Degas, Christo, Michelangelo, Rodin, Man Ray, Dürer…
From the Renaissance to the present, the study of fabrics has engaged artists of all kinds. This display looks at how painters, sculptors and photographers through the ages have depicted the intricate folds of drapery, delighted in the way that fabrics can at once conceal and reveal the human form, and considered the social implications of clothing. Find out more from the Musée des Beaux-Arts de Lyon’s website.
Preview the exhibition below | View Apollo’s Art Diary here
Albrecht Dürer’s exceptional study of hanging drapery, in the collection of the Musée des Beaux-Arts in Lyon, is at the heart of this exhibition. A preparatory work for a now-lost retable in the Dominican church of Frankfurt, this India-ink drawing depicts the folds of the Virgin Mary’s cloak; with its sharp contrasts of light and shadow it evinces the clinical precision characteristic of the German Renaissance, while the softened outlines betray the influence of the Venetian style Dürer had been exposed to during the 1490s.
Court painter of Louis XIV, Charles Le Brun was instrumental to the establishment of the French Royal Academy of Painting and Sculpture in 1648. Under his aegis, the meticulous practice of drawing figure studies – first nude and then draped – for larger projects was formalised, and would remain standard art instruction for centuries. The myriad surviving drawings like this one prove that he practiced what he preached.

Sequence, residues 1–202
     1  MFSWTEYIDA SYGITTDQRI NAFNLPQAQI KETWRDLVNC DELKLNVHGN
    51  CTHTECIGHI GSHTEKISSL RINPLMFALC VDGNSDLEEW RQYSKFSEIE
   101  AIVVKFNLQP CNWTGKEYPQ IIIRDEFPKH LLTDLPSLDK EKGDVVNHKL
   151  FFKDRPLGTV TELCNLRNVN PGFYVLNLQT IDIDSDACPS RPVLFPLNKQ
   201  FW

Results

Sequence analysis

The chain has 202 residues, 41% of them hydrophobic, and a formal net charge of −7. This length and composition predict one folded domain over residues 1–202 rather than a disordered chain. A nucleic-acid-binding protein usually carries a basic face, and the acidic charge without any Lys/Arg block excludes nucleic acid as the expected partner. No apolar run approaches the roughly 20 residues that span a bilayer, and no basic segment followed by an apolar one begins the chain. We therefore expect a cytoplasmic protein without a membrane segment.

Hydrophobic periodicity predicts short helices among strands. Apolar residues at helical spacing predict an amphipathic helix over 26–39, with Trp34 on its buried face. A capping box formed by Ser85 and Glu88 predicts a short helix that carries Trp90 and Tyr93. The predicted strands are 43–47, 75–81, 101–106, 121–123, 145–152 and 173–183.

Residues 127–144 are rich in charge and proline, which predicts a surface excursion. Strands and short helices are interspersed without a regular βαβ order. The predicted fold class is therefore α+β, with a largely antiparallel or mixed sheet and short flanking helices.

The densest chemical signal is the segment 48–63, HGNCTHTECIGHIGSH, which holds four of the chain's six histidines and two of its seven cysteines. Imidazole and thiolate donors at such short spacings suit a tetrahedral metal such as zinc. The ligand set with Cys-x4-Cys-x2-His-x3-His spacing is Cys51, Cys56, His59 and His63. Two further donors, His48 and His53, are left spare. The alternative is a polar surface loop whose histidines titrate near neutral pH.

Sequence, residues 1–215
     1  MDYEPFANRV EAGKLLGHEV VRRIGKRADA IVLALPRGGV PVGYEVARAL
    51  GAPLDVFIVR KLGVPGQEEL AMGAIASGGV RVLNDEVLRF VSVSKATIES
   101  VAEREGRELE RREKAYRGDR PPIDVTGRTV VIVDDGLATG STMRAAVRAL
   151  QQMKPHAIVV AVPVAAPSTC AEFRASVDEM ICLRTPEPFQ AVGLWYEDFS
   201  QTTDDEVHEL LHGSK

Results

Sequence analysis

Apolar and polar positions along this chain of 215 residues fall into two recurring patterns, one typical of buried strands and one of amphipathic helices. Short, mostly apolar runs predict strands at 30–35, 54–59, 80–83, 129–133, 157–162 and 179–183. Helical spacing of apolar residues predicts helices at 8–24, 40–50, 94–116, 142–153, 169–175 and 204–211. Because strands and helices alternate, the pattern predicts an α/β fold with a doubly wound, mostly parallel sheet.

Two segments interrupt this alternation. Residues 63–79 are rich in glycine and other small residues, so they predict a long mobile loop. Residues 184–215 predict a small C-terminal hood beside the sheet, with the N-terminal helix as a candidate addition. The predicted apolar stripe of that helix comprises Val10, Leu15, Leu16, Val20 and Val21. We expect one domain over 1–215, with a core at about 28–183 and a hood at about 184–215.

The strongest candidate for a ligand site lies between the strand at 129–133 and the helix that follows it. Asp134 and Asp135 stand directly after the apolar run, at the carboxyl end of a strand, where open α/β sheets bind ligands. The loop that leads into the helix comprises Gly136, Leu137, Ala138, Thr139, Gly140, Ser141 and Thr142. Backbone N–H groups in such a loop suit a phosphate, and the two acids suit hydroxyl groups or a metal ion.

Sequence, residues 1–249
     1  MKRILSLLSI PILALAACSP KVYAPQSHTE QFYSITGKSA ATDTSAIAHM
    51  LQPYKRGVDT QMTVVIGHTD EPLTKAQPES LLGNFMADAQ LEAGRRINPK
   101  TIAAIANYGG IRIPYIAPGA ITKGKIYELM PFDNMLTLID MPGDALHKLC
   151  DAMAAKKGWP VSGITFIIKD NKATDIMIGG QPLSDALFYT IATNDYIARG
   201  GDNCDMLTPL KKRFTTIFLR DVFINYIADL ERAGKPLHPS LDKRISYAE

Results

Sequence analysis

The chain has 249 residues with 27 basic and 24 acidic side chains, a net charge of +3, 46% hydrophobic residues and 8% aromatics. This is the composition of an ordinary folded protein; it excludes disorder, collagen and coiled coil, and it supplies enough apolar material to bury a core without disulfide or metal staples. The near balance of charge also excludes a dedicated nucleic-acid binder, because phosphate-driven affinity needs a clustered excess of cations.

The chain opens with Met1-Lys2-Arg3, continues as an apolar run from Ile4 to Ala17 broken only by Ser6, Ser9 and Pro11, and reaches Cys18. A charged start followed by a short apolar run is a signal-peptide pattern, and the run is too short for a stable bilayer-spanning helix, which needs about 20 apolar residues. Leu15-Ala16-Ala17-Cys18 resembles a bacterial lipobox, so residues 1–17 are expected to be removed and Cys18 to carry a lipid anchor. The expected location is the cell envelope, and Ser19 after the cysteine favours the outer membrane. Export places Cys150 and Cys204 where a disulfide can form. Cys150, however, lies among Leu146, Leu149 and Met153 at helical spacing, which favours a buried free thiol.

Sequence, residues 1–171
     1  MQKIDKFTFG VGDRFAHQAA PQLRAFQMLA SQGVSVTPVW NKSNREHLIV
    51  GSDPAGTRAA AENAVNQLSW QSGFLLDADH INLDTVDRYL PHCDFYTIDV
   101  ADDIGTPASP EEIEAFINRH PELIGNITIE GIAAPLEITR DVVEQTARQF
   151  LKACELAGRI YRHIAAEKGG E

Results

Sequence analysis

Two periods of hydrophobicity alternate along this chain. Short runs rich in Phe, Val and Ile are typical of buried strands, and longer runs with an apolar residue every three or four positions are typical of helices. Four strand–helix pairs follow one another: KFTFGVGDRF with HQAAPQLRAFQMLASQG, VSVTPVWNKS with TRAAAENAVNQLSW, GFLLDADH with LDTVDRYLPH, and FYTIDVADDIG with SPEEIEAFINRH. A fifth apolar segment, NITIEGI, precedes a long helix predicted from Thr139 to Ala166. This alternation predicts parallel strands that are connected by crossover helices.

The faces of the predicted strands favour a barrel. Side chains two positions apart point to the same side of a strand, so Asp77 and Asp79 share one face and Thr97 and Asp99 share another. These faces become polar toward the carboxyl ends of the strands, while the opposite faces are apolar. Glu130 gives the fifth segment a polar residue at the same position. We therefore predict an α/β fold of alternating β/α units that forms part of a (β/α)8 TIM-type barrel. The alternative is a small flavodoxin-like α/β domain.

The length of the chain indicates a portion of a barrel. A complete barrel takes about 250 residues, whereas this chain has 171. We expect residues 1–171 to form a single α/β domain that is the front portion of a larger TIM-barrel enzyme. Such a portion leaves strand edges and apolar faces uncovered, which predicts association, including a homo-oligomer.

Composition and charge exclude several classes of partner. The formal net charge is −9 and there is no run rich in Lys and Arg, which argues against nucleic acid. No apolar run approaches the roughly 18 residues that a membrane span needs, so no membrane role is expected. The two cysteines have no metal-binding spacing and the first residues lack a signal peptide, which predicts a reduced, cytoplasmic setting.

Deeply influenced by the academic principles of Charles Le Brun, Jean-Baptiste-Dominic Ingres became the preeminent neoclassical painter of the 19th century. A characteristic approach was to render fabric with great precision, while softening the depiction of flesh and facial features, enforcing a sense of tension between idealised classicism and reality.
In the early 1960s, Christo and Jean-Claude began to construct ‘wrapped’ sculptures. The technique would eventually lead to the famous Wrapped Reichstag of 1991 – but the artist duo began with everyday objects, from chairs and telephones to cars and motorcycles, enveloped in a variety of fabrics that could either distort or emphasise the viewer’s sense of the objects’ underlying shape. Perhaps nowhere is this effect more apparent than in their complementary series of Wrapped Women and Wrapped Statues. The former take on the appearance of rigid monuments, while the latter – an example of which is pictured here – come to seem like living organisms.
Don’t blame the culture wars for Tate Britain’s disappointing rehang